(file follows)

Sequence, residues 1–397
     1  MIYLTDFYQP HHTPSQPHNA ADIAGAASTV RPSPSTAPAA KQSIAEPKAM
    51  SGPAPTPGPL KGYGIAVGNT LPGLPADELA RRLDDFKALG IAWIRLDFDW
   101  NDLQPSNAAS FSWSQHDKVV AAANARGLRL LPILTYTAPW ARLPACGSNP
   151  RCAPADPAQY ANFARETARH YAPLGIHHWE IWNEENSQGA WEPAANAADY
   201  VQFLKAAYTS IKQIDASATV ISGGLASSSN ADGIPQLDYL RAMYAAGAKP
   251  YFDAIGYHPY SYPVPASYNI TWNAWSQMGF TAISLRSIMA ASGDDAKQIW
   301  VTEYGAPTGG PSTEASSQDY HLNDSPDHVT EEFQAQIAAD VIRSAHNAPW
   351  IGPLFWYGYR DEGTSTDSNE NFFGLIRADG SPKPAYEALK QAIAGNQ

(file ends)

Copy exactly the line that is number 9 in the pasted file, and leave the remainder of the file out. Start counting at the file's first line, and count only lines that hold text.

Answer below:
   351  IGPLFWYGYR DEGTSTDSNE NFFGLIRADG SPKPAYEALK QAIAGNQ